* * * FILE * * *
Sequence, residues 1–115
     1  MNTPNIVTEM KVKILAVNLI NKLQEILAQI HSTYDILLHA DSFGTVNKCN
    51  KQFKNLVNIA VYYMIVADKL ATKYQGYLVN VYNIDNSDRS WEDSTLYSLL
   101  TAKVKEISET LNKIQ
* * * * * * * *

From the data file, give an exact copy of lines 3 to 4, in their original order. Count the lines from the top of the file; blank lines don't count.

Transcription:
    51  KQFKNLVNIA VYYMIVADKL ATKYQGYLVN VYNIDNSDRS WEDSTLYSLL
   101  TAKVKEISET LNKIQ